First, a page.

Editorial: BSA still has ways to go in tackling molestation problem
Published: Wednesday, October 3, 2012
Updated: Wednesday, October 3, 2012 21:10
The Boy Scouts of America has long been ridiculed for being a magnet for pedophiles. While it’s certainly an overstatement to say that that’s all the Boy Scouts are, the evidence is certainly stacking against them. American attitudes toward pedophilia have changed greatly since 1910 when the organization was founded. At the beginning of the century, pedophilia was a shameful matter to be dealt with privately. But gradually laws went on the books and it was made a criminal offense. In the late 1980s, the Youth Protection program developed into a set of rules regarding the relationship between scouts and adult leaders. The principles set down in Youth Protection training include no one-on-one contact with scouts, appropriate attire, a prohibition on hazing and secret organizations among other specifications dedicated to keeping scouts safe.
Unfortunately, some adults have slipped through the cracks and instances of abuse still pop up from time to time.
To make the situation worse, it has now come to light that the Boy Scouts of America has actually assisted in keeping some instances of abuse quiet to maintain their level of credibility. This happened in April 2010 when the jury ruled that the BSA failed to protect a scout from an assistant scoutmaster who had already confessed to molesting children. The plaintiff received a $20 million settlement and the Boy Scouts of America received a court order.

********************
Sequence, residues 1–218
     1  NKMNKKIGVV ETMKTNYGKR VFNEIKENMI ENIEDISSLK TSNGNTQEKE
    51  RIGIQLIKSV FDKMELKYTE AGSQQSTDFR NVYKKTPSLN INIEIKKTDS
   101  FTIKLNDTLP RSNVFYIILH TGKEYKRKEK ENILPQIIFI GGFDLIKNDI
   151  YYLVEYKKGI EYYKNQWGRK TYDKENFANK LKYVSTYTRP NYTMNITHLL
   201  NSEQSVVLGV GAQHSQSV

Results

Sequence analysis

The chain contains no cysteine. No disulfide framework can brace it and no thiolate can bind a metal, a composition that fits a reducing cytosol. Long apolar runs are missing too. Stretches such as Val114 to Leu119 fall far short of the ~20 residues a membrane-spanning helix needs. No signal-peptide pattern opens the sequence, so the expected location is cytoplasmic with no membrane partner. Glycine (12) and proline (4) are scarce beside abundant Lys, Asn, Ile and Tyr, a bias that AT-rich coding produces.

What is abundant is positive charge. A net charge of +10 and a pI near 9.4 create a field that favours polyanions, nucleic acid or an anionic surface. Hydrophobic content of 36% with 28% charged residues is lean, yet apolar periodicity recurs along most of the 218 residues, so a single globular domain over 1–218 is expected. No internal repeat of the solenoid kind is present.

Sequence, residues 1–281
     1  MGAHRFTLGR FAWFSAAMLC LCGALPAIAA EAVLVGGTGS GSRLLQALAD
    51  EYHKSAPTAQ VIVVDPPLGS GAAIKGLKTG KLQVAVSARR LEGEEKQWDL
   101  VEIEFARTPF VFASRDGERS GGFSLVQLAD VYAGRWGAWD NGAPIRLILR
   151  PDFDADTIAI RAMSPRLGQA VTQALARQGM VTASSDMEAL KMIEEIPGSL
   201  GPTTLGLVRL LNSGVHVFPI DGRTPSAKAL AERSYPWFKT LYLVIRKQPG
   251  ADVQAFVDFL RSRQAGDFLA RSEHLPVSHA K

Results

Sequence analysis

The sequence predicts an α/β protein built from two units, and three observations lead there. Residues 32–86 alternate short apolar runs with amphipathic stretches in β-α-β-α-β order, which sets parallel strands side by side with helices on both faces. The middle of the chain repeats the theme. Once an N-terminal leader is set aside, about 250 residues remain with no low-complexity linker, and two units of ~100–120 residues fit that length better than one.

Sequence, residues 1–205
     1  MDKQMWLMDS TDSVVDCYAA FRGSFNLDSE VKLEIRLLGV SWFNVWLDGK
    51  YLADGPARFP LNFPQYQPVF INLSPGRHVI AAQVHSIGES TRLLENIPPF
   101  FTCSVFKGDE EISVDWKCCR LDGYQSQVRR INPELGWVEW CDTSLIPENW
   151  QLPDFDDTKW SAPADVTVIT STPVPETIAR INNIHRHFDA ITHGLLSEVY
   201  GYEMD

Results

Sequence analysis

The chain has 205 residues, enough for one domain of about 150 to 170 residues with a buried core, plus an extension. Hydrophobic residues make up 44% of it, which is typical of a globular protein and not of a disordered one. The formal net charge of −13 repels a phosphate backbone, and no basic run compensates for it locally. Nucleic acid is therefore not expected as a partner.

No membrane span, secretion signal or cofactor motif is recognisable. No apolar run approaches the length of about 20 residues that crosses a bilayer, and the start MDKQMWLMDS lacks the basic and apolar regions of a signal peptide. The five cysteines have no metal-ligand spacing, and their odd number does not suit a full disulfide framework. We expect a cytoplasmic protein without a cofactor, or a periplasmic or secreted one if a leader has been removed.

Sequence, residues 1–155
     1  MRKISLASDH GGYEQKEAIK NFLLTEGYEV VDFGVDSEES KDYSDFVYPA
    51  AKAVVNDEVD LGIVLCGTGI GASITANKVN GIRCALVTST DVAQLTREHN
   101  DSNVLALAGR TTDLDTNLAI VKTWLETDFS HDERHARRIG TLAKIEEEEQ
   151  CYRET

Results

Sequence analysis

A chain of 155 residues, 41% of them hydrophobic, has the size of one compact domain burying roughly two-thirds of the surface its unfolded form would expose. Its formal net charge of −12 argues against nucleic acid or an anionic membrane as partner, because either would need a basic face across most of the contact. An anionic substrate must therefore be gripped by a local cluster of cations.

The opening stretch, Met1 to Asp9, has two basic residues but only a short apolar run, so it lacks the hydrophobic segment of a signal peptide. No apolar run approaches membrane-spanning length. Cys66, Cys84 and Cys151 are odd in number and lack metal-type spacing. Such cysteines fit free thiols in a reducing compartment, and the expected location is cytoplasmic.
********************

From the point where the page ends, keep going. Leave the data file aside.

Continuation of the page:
The order forces the organization to reveal their secret files from 1965 to 1985. A committee (led by Mike Johnson, the Youth Protection Director and former police detective) will review the files and search for cases of child abuse that have gone unreported all these years.
Of course, many of these cases are decades old and may come to nothing except an identified molester. Kelly Clark, a Portland, Ore. attorney, says the secret files in question contain information that the BSA collected on suspected child molesters but information that the Scouts failed to act on in order to protect the boys.
It’s really a shame that it has taken a century for an organization that declares its intent is to build morals and values into its participating scouts to finally act in a moral fashion. The organization wants to emphasize, and it would be unfair to not include, the fact that between 1.4 and 2.1 in 100,000 boys have been molested in the scouts, while the U.S. Department of Health and Human Services reported in 1980 that the national average was 70 in 100,000. The problem is that 1.4 to 2.1 is far too many boys facing a situation that could have been avoided.